Updated 17/12/2020: This article has been extensively updated to include the latest information about the new Covid-19 variant in the UK.
On Monday, the UK's Health Minister notified the World Health Organization that a new strain of Covid-19 has been found in the South East of England. Here's what we know so far.
"We've currently identified over a thousand cases with this variant, predominantly in the south of England, although cases have been identified in nearly 60 different local authority areas, and numbers are increasing rapidly. Similar variants have been identified in other countries over the last few months," Health Secretary Matt Hancock said in a statement to the House of Commons.
"I must stress at this point that there is currently nothing to suggest that this variant is more likely to cause serious disease."
"The latest clinical advice is that it's highly unlikely that this mutation would fail to respond to a vaccine, but it shows we've got to be vigilant and follow the rules and everyone needs to take personal responsibility not to spread this virus."
Over the past few days, more information about the new variant of Covid-19 has been revealed. As of December 13, Public Health England (PHE) has identified at least 1,108 cases of the variant, mainly in the South and East of England.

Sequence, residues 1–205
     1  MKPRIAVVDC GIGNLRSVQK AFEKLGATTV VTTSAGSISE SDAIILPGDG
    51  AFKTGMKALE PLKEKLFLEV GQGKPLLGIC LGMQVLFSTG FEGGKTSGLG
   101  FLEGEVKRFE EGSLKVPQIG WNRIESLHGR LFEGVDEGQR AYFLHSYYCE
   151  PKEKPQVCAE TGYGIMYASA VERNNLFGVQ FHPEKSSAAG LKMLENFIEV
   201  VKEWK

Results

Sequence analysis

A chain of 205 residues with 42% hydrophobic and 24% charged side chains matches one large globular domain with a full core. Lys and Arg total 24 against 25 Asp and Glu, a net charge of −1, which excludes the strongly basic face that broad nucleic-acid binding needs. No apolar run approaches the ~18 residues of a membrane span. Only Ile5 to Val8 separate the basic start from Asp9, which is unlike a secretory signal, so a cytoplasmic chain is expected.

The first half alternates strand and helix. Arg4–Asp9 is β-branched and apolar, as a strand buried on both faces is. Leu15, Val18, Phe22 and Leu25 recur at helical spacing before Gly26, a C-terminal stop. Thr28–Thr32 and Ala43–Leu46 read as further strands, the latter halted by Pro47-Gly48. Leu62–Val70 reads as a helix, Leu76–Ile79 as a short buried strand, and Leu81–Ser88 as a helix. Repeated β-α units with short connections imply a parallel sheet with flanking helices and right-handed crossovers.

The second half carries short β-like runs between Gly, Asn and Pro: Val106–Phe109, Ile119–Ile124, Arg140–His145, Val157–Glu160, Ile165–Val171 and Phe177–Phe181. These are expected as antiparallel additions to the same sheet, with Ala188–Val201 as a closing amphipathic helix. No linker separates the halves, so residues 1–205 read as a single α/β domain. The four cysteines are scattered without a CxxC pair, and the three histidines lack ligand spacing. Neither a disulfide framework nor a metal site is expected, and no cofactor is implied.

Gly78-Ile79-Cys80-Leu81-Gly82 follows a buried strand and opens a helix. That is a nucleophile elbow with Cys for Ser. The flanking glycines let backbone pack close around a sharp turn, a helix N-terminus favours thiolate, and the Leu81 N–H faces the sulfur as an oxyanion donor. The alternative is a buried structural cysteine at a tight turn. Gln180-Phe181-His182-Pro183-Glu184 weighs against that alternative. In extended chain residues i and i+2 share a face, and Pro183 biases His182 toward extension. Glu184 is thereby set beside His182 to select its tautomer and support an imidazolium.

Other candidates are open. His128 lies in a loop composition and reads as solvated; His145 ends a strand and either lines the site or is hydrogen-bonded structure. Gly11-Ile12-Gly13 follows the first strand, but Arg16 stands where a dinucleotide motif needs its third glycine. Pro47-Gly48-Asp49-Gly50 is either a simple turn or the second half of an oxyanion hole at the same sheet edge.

For the most part, scientists are commenting that the news is not surprising and should not cause panic since mutations and variants are a totally normal feature of viruses. However, the emergence of a new variant is certainly something PHE and other labs need to keep a close eye on.
“Viral variation is “normal”. Whilst it is important to keep a genetic eye on the current coronavirus, variation is bound to occur as the numbers of infections and transmissions increase in what is a relatively early stage of this human-virus relationship," noted Professor Richard Tedder, a Senior Research Investigator in Medical Virology at Imperial College London.
As Hancock said on Monday, there is no evidence that suggests that this variant is more likely to cause serious disease. However, there is some indication it spread faster than other variants. This could be down to mere chance, but it’s possible the virus has picked up a mutation allowing it to transmit more efficiently. It remains unclear for now, so scientists are calling for caution interpreting reports until more hard evidence is available.
Scientists at the Gupta lab say they are currently working on a preprint paper, which will hopefully reveal some more solid insights into the variant. In the meantime, researchers have started to speculate on which mutations the new variant includes.
“The possible candidates based on some of our own observations is that this may refer to a double deletion in the coronavirus spike protein (positions 69/70) or alternatively a spike mutation in the receptor-binding domain N501Y3,” explained Dr Lucy van Dorp, senior research fellow in microbial genomics at the UCL Genetics Institute. “There is some experimental support for N501Y increasing receptor binding experimental settings and mouse models. There have also been some reports that the spike double deletion has a moderate impact on antibody recognition.”
The story is still developing and new details are being announced.
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